New Fuel Pump Install

Today I installed a new Walbro 400lph fuel pump, replacing my Walbro 255lph fuel pump.

Walbro 255 vs. 400 fuel pumps

This is a 30 minute upgrade if you know what you’re doing. It can take longer if you’re unfamiliar with the S14 fuel system. There are a few things to point out about my Walbro 400 fuel pump that cause me a slight delay:

  1. The plugs it came with do not match up to anything. It’s almost like I had a kit for another vehicle. Just clip the plug and crimp or solder the wires to the connector on the S14.
  2. The rubber isolator does not match up with the Walbro 400 bottom. You have to kind of cram it into place with the bracket. The 255lph fit like a glove, so this is unfortunate that the over-sized base made the isolator a funky fit.
  3. The S14 fuel sock/filter is a tight fit on the 400 but fit perfectly on the 255. You need to use a hammer and a small screwdriver and lightly tap it into place.
  4. Pay attention to the + and – symbols on the fuel pump. My 255 was wired backwards. The black was + and the – was red wire. I followed the wire colors instead of the terminal symbols and wired it backwards the first time, which wasted a lot of my time.

New Walbro 400lph Fuel Pump

Walbro 400lph Fuel Pump

At our last dyno tuning session, I maxed out the Walbro 255lph fuel pump around 25psi. The car had more to give, but the pump was the limitation. Enter the Walbro 400lph pump! This pump should give me the fuel pressure I need at higher boost levels without requiring a secondary, in-line fuel pump. The installation seems pretty straight forward, especially since I already have a Walbro pump installed. I’m hoping that the wires and plugs match up, meaning that this can be a 10 minute swap. Here is a good writeup on installing the Walbro in an S14. This is a nice video for installing the pump in a 240sx as well (it’s part 1 of 2).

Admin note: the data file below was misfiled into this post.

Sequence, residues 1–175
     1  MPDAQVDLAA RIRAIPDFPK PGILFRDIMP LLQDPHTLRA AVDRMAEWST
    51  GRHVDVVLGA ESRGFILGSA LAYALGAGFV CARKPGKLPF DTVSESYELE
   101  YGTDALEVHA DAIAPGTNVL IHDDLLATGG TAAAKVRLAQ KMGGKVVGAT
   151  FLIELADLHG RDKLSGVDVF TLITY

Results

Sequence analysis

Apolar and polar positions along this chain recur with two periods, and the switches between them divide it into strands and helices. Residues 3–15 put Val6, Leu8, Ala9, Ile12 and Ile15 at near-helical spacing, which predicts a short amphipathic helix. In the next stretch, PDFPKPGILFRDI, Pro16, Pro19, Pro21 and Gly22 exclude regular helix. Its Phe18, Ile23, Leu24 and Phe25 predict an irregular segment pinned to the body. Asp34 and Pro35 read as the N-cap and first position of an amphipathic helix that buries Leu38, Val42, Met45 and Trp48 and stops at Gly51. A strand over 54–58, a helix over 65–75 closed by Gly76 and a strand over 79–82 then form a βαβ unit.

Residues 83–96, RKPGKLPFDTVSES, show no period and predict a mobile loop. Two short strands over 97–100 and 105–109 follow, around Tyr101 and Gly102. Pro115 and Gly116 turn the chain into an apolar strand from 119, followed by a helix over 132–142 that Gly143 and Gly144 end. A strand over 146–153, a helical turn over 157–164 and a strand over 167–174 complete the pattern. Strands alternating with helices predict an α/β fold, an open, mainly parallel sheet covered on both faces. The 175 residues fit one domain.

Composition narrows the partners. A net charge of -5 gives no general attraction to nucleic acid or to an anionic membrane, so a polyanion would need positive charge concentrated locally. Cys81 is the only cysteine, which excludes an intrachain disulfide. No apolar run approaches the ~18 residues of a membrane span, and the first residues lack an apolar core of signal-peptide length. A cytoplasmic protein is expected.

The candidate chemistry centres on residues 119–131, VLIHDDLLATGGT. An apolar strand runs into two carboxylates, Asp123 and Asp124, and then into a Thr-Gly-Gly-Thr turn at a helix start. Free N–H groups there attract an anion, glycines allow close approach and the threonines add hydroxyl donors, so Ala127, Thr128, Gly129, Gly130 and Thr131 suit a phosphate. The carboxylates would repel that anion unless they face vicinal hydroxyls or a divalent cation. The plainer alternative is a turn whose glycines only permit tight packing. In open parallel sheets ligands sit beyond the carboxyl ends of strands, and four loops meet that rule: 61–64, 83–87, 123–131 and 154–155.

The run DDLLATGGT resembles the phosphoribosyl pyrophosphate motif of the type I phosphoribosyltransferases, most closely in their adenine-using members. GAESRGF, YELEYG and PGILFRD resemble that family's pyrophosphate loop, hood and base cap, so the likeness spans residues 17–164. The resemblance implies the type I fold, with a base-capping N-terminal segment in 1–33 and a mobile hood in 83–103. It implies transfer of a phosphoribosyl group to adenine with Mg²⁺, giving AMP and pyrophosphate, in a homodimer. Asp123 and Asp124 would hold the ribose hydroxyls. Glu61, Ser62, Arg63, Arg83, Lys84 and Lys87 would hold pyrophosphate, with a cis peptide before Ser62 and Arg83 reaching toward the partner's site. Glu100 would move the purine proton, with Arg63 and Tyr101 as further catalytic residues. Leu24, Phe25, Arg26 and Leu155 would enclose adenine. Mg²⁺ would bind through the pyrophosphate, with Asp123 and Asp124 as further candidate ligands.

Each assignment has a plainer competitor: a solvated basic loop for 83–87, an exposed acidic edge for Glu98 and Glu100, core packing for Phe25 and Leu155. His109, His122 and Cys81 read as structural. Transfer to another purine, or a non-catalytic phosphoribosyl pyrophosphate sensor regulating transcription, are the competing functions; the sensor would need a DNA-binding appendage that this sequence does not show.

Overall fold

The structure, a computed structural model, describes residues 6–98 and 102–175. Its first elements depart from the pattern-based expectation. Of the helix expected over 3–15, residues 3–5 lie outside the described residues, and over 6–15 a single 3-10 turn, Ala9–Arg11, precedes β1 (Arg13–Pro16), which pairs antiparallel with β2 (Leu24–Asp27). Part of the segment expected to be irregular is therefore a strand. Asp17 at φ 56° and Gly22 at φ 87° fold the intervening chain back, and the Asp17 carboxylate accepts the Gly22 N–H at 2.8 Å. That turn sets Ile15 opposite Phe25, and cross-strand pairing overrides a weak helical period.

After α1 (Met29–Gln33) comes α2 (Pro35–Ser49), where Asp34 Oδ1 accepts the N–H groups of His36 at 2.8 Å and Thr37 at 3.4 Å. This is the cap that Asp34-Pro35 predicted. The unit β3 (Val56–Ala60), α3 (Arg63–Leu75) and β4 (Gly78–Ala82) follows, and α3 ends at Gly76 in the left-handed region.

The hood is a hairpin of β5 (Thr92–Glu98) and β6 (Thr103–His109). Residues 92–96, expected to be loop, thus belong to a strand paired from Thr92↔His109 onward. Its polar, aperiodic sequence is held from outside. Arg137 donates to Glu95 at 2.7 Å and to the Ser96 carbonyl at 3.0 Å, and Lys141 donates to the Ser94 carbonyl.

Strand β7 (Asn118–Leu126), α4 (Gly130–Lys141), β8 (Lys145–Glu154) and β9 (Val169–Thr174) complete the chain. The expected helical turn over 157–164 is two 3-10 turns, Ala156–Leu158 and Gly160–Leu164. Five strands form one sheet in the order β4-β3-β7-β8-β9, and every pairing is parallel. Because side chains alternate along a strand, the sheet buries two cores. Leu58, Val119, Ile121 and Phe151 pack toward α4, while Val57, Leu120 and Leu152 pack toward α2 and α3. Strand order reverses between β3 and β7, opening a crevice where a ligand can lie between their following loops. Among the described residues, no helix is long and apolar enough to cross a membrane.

New Nitto NT01 Tires

New Nitto NT01 Tires
New set of Nitto NT01 tires for the track season

My new tires finally arrived! I ordered a set of Nitto NT01 tires for the 240sx in hopes that this will be a step up from the Dunlop Star Spec tires for my track days this summer. the Dunlop’s were great for Auto-X, but they fell short on the track in my opinion. I’m not quite ready for racing compounds, but I feel that this is a step in that direction. Perhaps next year I’ll get a second set of wheels to swap at the track like most of the other guys do?

I’m going to remove my wheels and have these mounted tomorrow. I don’t want anybody using an impact wrench to tighten my lugs! =)

Next Project is A/C

For my next project I will be reinstalling A/C in the car. After the RB20DET swap went awry, I disconnected the entire A/C and sold off the motor set. I sourced an RB25DET compressor and mounting bracket from RAW Brokerage. My lines are already modified to work with an RB20DET compressor, but they are slightly different (appear to be backwards). So I’m going mock up the new lines with the help of a local shop once the compressor and condenser are in place. I’m shooting for a custom discrete A/C line look. The engine bay is crowded enough with my ABS module.

I’ll be sure to snap some photos and explain the basics. It seems to be a fairly straight forward process if you have somebody that can modify the lines. We’ll see…..

New Wiring Harness